Chapter 5 Cell Membrane by pptfiles


									Chapter 5 Cell Membrane
           Plasma Membrane
• --the fluid mosaic model (S.J Singer)
• -- semi-permeable
• --fluid portion is a double layer of
  phospholipids, called the phospholipid bilayer
      Jobs of the cell membrane
• Isolate the cytoplasm from the external
• Regulate the exchange of substances
• Communicate with other cells
• Identification
          Phospholipid Bilayer
• Phospholipids contain a hydrophilic head and a
  nonpolar hydrophobic tail
• Hydrogen bonds form between the phospholipid
  "heads" and the watery environment inside and
  outside of the cell
  Hydrophobic interactions force the "tails" to face
  Phospholipids are not bonded to each other,
  which makes the double layer fluid
• Cholesterol embedded in the membrane makes it
  stronger and less fluid
 Proteins embedded in membrane
• 1. Channel Proteins - form small openings for
  molecules to difuse through
  2. Carrier Proteins- binding site on protein
  surface "grabs" certain molecules and pulls them
  into the cell
  3. Receptor Proteins - molecular triggers that set
  off cell responses (such as release of hormones or
  opening of channel proteins)
  4. Cell Recognition Proteins - ID tags, to idenitfy
  cells to the body's immune system
  5. Enzymatic Proteins - carry out metabolic
    Transport Across Membrane
• Passive Transport
• Simple Diffusion - water, oxygen and other
  molecules move from areas of high
  concentration to areas of low concentration,
  down a concentration gradient
• Facilitation Diffusion - diffusion that is
  assisted by proteins (channel or carrier
• diffusion of water.
  Osmosis affects the turgidity of cells, different
  solution can affect the cells internal water
• Contractiles Vacuoles are found in freshwater
  microorganisms - they pump out excess water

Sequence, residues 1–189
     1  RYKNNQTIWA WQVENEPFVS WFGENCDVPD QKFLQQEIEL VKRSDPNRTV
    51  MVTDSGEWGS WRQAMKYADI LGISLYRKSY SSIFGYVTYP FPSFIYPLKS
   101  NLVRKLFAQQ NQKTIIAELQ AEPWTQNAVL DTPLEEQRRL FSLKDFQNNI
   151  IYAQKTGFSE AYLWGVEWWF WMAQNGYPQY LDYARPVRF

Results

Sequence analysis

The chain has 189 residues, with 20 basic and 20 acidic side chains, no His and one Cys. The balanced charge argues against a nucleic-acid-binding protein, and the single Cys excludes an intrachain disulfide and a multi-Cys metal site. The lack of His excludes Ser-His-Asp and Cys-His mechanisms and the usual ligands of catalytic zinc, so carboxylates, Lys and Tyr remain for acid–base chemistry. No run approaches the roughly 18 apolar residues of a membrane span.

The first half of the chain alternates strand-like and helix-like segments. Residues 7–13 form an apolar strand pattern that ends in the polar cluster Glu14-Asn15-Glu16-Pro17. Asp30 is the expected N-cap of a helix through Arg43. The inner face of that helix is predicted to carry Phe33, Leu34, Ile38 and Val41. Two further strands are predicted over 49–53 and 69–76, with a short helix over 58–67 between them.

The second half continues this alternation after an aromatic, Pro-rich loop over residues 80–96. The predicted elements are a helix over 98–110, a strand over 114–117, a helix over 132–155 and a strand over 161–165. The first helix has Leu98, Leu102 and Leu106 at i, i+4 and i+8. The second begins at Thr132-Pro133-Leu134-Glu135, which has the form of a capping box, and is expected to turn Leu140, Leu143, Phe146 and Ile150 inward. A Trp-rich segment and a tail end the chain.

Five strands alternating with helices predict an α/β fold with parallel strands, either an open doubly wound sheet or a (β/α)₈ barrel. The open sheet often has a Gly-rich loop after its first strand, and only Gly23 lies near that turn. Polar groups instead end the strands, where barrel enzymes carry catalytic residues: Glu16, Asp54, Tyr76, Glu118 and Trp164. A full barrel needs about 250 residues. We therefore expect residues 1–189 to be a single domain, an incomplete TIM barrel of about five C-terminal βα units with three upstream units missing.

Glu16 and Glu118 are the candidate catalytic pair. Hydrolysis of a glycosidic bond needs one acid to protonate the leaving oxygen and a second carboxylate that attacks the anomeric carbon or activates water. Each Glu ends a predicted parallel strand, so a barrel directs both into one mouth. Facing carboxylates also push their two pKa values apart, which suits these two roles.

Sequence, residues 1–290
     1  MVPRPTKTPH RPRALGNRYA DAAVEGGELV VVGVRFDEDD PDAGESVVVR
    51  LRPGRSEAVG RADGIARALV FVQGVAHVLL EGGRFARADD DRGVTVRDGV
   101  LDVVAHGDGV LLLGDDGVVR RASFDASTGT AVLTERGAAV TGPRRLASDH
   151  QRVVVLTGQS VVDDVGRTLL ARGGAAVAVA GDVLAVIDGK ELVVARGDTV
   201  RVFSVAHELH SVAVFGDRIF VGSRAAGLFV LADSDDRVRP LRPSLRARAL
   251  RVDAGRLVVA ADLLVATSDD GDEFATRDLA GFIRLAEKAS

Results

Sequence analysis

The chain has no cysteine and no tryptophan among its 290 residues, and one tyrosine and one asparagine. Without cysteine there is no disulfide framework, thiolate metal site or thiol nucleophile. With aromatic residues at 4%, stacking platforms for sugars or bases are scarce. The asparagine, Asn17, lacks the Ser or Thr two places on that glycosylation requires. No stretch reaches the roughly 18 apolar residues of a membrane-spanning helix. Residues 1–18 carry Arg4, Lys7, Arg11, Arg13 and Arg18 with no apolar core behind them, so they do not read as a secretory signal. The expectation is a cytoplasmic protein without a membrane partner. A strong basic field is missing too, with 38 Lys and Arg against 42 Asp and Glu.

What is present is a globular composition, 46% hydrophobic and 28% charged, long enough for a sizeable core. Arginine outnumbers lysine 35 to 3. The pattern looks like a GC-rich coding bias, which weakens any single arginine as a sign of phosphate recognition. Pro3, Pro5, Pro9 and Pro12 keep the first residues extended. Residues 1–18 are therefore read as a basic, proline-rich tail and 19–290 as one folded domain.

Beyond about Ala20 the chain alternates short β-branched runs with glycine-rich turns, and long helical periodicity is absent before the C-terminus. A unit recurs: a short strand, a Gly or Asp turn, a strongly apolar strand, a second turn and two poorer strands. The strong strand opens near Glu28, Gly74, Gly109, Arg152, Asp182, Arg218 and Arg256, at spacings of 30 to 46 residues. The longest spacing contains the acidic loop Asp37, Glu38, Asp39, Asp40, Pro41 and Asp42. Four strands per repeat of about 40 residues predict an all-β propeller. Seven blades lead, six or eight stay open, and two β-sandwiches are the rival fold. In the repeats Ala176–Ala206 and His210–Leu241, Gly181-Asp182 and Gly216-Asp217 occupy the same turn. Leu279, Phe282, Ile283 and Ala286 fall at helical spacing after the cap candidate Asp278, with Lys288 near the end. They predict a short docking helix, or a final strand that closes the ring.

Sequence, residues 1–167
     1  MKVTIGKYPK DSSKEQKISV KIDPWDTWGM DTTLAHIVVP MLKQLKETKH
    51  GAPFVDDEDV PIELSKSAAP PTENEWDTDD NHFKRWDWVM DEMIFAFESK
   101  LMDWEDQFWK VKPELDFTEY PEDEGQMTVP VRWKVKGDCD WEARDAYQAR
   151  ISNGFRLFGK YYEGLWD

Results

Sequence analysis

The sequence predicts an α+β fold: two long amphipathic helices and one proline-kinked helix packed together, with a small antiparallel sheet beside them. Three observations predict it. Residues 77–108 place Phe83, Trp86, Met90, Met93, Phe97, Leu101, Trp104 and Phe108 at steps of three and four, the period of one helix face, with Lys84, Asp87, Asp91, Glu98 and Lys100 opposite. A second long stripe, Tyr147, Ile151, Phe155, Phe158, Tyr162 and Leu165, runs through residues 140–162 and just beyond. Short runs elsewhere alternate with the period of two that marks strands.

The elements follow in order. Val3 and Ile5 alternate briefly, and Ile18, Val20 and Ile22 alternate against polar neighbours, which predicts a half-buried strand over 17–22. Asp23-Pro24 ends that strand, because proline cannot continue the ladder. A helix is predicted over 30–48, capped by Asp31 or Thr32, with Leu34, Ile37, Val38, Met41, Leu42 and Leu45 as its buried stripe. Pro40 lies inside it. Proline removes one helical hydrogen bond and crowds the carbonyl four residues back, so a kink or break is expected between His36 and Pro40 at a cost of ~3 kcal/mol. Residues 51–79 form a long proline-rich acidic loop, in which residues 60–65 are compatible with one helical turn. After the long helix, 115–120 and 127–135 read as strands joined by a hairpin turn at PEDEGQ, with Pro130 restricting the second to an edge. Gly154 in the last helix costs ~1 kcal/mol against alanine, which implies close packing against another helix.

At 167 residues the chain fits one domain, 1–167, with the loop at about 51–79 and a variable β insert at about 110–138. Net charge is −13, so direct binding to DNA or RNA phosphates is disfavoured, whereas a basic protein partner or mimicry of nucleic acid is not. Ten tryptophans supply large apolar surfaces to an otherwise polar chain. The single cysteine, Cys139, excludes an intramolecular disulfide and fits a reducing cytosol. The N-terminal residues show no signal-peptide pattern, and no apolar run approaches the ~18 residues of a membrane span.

• Turgor pressure occurs in plants cells as their
  central vacuoles fill with water.
        Types of Osmosis Solution
• Isotonic: equal amount solute inside and outside
  of the cell.
  – Cell will stay normal
• Hypertonic: More solute on the outside of the cell
  – Water will move out of the cell
  – Cell will shrivel up (animal)
  – Plant cell plasmolyzed (wilt and death)
• Hypotonic: More solute inside the cell
  – Water will move in the cell
  – Cell will burst
  – Plants will have turgid (exerts pressure) (Normal for
    plant cells)
Osmosis without walls
Osmosis with walls
              Active Transport
• involves moving molecules "uphill" against the
  concentration gradient, which requires energy
• Endocytosis - taking substances into the cell
  (pinocytosis for water, phagocytosis for solids)
  Exocytosis - pushing substances out of the cell,
  such as the removal of waste
  Sodium-Potassium Pump - pumps out 3 sodiums
  for every 2 potassium's taken in against gradient
Sodium Potassium Pump
Observation of elodea cells in salt
 water. What happens and why?
     Modifications of Cell Surfaces
• Tight junctions are composed of protein fibers
  that seal adjacent cells to prevent leakage,
  something which can be useful in organs such as
  the bladder and the lining of the digestive tract.
  Tight junctions literally fuse the cells together
  forming a sheet of cells restricting molecules to
  one side of the sheet or the other.
• Tight junctions can also partition the cells in which
  they are found. Certain membrane proteins can be
  restricted to one side of the junction, as well, since
  the tight junction prevents protein migration
  within the membrane.
• Desmosomes anchor adjacent cells together by making
  connections that work like staples or rivets that attach
  to components of the cytoskeleton. Many epithelial
  cells must adhere to adjacent membranes to prevent
  free passage or free movement, and to not break apart
  under stress.
• Desmosome filaments are composed of specialized
  glycoproteins proteins. Intermediate filaments of
  keratin in the desmosomes help strengthen the
• Actin microfilaments can also attach to desmosomes,
  but have less strength
Plants have plasmodesmata - channels
between the cell wall that cytosol can
pass through
• Gap junctions are protein channels, called
  connexons, between adjacent cells that
  permit the transfer of small molecules, such as
  nutrient monomers, between the cells. They
  are common in brain cells, forming the
  synapse, in many glands, and in cells in the
  heart muscle that coordinate contraction for
  heartbeat. Gap junctions can be gated.

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